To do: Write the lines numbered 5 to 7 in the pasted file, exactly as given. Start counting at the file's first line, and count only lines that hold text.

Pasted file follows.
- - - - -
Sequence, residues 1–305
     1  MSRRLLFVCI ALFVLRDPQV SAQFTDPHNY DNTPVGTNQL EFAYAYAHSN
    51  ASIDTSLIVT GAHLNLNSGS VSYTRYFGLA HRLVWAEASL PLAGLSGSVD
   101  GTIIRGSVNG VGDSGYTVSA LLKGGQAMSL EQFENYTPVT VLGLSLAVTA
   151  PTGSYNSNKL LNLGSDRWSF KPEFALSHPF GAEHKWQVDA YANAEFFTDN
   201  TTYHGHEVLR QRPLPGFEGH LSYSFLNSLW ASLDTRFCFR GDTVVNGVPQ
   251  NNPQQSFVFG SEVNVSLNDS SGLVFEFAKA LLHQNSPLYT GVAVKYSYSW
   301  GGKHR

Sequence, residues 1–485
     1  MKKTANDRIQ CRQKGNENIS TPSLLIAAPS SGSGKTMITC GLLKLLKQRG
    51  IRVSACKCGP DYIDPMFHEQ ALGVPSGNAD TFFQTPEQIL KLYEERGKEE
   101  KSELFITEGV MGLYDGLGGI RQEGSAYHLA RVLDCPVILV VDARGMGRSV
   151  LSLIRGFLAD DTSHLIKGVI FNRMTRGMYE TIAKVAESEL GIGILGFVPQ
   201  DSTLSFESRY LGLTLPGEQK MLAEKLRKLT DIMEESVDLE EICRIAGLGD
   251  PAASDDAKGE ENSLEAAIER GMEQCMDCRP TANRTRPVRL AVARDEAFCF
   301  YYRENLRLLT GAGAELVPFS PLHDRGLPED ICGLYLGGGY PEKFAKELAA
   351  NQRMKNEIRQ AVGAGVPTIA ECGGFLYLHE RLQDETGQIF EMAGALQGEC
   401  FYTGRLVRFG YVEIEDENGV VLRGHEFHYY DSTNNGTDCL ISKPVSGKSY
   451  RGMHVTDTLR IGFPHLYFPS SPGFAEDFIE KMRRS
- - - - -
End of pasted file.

   151  PTGSYNSNKL LNLGSDRWSF KPEFALSHPF GAEHKWQVDA YANAEFFTDN
   201  TTYHGHEVLR QRPLPGFEGH LSYSFLNSLW ASLDTRFCFR GDTVVNGVPQ
   251  NNPQQSFVFG SEVNVSLNDS SGLVFEFAKA LLHQNSPLYT GVAVKYSYSW